More than 8,000 Indigenous people in First Nations communities in Northern Ontario have been vaccinated against COVID-19, according to the provincial health ministry.
As mobile teams fly into remote communities, a new website developed in part by Toronto health care professionals and an educational campaign created by a regional health authority are trying to counter vaccine hesitancy among Indigenous people.
Dr. Lisa Richardson, an internal medicine specialist, an Anishinaabekwe physician, and a strategic lead in Indigenous health at the University of Toronto faculty of medicine and at Women’s College Hospital, said vaccine hesitancy is rooted in historical mistreatment.
“This is hesitancy that’s been created because of a healthcare system that has deliberately, in many cases, excluded Indigenous people,” Richardson said on Saturday.
Mistrust of the health care system persists in communities because Indigenous people have been mistreated and used as subjects in experiments by Canadian health care institutions, Richardson said.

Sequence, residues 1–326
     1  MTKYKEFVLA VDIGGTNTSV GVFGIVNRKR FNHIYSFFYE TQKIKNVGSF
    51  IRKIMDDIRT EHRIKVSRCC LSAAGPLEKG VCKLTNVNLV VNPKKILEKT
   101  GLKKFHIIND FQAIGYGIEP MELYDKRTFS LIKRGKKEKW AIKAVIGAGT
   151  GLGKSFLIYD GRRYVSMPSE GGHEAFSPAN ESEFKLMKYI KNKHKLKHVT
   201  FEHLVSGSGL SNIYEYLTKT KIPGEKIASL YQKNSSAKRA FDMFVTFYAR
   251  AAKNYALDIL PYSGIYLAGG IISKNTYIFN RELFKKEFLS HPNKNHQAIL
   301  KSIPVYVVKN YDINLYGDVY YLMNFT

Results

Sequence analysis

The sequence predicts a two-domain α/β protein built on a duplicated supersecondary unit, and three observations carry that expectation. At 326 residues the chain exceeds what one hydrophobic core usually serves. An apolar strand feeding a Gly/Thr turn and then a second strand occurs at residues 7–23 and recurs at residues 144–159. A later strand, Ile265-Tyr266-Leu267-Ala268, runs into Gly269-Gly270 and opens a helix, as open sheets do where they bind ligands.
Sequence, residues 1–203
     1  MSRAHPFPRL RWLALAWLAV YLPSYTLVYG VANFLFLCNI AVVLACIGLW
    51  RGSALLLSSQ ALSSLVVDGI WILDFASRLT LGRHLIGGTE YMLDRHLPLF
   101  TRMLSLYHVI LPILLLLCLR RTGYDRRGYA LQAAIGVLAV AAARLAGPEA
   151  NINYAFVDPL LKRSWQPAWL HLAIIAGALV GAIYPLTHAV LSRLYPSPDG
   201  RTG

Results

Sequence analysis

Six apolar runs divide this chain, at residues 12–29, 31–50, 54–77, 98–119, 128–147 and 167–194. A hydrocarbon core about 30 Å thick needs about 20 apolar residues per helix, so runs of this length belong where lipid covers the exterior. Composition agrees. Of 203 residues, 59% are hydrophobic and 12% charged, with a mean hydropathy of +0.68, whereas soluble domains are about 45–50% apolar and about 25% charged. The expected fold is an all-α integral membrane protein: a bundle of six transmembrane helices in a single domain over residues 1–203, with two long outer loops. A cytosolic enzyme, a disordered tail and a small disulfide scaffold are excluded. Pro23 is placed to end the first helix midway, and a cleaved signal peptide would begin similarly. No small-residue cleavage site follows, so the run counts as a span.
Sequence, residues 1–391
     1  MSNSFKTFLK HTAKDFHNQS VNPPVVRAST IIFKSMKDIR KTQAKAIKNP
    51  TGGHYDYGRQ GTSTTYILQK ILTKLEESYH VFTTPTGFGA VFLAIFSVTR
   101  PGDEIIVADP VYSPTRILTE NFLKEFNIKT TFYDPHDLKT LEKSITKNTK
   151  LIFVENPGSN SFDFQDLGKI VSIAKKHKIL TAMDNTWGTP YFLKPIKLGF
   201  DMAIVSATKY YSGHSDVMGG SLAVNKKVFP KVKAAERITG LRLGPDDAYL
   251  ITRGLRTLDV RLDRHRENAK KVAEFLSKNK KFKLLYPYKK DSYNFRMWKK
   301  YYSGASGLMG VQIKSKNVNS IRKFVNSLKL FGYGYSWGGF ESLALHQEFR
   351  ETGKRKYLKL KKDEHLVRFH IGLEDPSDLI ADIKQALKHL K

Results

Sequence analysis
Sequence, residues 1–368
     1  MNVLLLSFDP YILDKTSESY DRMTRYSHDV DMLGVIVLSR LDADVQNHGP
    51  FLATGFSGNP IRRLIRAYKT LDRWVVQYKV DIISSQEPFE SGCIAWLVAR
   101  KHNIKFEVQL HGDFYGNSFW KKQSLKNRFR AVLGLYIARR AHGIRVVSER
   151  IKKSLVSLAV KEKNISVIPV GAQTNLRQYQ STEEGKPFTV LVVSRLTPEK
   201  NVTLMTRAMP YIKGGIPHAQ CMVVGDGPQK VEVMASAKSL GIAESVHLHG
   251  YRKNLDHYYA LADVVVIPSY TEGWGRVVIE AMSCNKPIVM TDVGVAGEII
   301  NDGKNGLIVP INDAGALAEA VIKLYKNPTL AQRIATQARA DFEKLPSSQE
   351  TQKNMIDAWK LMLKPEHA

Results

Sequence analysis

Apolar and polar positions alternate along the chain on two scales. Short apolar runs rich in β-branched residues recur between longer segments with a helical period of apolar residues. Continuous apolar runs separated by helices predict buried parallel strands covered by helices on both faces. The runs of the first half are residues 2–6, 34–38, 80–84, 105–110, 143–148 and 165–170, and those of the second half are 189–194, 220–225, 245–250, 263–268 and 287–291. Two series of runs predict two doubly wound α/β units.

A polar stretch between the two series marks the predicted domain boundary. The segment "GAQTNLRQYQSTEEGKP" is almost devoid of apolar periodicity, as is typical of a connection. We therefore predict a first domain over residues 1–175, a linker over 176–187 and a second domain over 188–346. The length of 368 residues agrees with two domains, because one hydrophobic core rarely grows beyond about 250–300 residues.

She said that mistreatment started with colonial approaches. It includes the experience of children in residential schools. Ongoing mistreatment continues to occur in the health care system due to systemic racism, she said.
Richardson said the website, called Maad’ookiing Mshkiki — Sharing Medicine, is an attempt to overcome vaccine hesitancy. Launched on Feb. 4, the website provides information about COVID-19 vaccinations for First Nations, Inuit and Métis people to help them make informed choices. She said the website information is of high quality, scientifically and culturally.